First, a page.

Destruction of Ancestral Icons

The art of the hunter-gatherers, Australian Aborigines, since the early Seventies, has been disseminated, not solely from an anthropological point of view, but through its commercialization; thus disrupting the revelatory paradigm of concealment inherent to its culture.  As such the iconography from their rituals and bodily expressions of temporary characteristics, as well as from impermanent sand drawings—derived from communions with nature– has been translated onto a new protocol of objectification destined to paintings on boards or permanent murals on metal laminates, with the expressed intend to bridge the curiosity of an external audience: a process, which breaches confidentiality through its commodification as art objects.

With a few exceptions, admittedly welcomed by its naive producers, the secrecy of ancestral iconography has been transferred into precious objects of acrylic paintings inevitably to be transgressed and purveyed among Western collectors and their publications; thus introducing a not-so-unexpected consequence for a dilemma. We refer to a dilemma that erodes the indigenous protocols of initiation, as the narrative of their imagery requires viewing and understanding of themselves. Evidently, it is not sufficient to isolate the undesirable Western dissemination from the eyes of the aborigines in the confluence of a global community.

It is no longer possible to maintain the initiation rituals part of the cycle of their communal tribal powers while their objectified iconography becomes appropriated, or rather trapped between pecuniary bemusement and the attraction of a strange collector. In the effort to appropriate with the merits supposedly derived from admiration, an ancestral culture is corrupted with an external force that cements its adverse influence and dominance over their native communities rather than a mere preservation of the indigenous cultural acquis.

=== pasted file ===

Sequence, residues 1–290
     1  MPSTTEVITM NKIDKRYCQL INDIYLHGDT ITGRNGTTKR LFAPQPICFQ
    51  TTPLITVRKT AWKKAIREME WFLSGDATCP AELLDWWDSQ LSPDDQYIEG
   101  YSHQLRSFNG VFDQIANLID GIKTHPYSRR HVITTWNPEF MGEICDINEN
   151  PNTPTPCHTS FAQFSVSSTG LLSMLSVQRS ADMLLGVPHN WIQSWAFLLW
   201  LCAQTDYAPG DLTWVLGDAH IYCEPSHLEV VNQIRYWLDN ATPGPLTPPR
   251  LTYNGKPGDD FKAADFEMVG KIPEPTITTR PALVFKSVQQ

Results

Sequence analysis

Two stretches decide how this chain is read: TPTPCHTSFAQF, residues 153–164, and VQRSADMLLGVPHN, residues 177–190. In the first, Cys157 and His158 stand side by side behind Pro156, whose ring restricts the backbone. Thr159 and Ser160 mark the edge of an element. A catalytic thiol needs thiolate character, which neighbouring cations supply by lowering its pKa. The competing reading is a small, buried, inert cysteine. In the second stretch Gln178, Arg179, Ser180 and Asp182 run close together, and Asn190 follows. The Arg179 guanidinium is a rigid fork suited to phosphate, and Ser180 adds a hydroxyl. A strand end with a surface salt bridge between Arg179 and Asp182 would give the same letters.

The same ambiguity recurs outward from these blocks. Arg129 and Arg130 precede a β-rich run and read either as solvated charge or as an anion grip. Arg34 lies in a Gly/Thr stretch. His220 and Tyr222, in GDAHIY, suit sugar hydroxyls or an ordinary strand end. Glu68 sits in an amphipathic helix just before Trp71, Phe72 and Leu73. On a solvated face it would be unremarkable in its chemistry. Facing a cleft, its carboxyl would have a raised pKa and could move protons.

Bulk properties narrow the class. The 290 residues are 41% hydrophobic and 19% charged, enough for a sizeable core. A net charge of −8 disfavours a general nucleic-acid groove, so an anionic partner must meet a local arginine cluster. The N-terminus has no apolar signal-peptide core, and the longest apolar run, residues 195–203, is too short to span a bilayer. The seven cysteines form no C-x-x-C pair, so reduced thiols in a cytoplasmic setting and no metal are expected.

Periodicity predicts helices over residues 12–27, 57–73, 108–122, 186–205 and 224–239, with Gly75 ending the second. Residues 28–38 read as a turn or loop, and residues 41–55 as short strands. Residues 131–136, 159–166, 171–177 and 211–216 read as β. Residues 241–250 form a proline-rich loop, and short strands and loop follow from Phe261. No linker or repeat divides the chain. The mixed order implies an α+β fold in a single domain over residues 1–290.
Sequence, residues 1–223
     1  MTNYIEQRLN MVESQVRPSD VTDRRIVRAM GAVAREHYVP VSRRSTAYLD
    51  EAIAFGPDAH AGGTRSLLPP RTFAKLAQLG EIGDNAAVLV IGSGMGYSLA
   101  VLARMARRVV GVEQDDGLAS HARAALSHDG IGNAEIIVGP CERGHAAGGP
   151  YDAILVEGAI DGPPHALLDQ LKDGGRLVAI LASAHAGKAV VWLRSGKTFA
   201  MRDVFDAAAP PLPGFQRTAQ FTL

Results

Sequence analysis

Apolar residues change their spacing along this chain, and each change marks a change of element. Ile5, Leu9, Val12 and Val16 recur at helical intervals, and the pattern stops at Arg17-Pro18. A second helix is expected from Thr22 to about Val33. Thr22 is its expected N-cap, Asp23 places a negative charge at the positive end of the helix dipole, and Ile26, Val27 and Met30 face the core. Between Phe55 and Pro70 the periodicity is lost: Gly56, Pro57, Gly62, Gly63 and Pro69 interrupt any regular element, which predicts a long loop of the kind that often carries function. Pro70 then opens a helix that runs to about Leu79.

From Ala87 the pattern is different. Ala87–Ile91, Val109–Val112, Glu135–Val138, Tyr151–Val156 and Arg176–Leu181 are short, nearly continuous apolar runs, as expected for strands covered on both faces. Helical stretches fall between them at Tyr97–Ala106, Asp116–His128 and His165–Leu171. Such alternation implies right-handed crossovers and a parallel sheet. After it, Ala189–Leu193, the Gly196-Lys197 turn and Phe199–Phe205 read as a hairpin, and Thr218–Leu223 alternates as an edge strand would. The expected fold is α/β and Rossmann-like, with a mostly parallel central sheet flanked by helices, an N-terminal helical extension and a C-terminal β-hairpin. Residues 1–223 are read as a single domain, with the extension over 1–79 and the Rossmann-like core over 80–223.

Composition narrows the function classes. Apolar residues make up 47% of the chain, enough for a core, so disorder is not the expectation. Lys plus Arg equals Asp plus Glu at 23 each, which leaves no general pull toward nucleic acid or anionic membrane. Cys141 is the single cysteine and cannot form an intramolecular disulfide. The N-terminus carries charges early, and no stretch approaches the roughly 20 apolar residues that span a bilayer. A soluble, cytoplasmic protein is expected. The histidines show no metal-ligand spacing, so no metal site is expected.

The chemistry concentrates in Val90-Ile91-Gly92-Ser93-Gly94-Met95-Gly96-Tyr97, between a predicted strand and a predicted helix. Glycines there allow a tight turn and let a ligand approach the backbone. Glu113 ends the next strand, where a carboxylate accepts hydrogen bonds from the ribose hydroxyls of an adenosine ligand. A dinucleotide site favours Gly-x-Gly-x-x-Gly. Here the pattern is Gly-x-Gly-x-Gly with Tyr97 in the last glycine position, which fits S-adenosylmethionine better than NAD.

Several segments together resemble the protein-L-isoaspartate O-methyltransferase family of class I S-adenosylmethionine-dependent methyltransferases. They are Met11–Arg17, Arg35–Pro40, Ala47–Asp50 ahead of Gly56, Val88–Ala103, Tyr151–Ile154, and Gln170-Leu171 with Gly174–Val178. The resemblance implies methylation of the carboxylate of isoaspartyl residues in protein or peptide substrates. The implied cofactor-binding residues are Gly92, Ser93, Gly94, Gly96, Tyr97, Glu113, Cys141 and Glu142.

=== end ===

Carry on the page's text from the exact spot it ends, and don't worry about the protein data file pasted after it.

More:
A disruptive influence is imposed onto the fragile ecological balance of these cultures by the colonizing destructive powers brought forth by researchers and their acolytes, anthropologists and their funding institutions, collectors and their propagandist entourages, as well as insensitive local governments who are so hungry for international attention, perhaps in a misunderstood concept of atonement for their colonizing powers.

RM

Sept 20, 2009

One Response to “Destruction of Ancestral Icons”

  1. Ricardo Morin Says:

    In response to a Wall Street Journal article entitled “From a Primitive Present” by Melik Kaylan; page 07, October 21, 2009

    “From a Primitive Present”

    Its very byline manifests the grotesque sense with which Mr. Kaylan endows the aboriginal cultures of Papunya. Mr. Kaylan explains that “we are [he means himself alone, though he intends to differentiate from other opinions], after all, looking back at our species in a more primitive state.” This reflects how he differentiates with a divisive sense that no apology can emend, defining our progressive present as a superior one.
    Shortsighted as this may be, Mr. Kaylan resorts to compare us [himself] with others whom he defines as “strict multiculturalists” who seek an impossible equality. Never mind that he accuses these “strict multiculturalists” of being biased towards their own subcultures, a sort of reasoning that escapes his own narrative. The question remains: what is he talking about? What equality? Is it the fact that they are not the same as us: the collective conscious of a highly developed culture? Of course not, why would anyone want them to be equal to us when in fact “we” have so very little to be proud about: “we” after several millennia are still stagnant in rivalries of a different sort. All one has to do is look around to decipher how irrational our own so-called-developed-culture is at present time. Undoubtedly, extensive research on his failed dialectics and a bit more humility would improve Mr Kaylan’s analysis.

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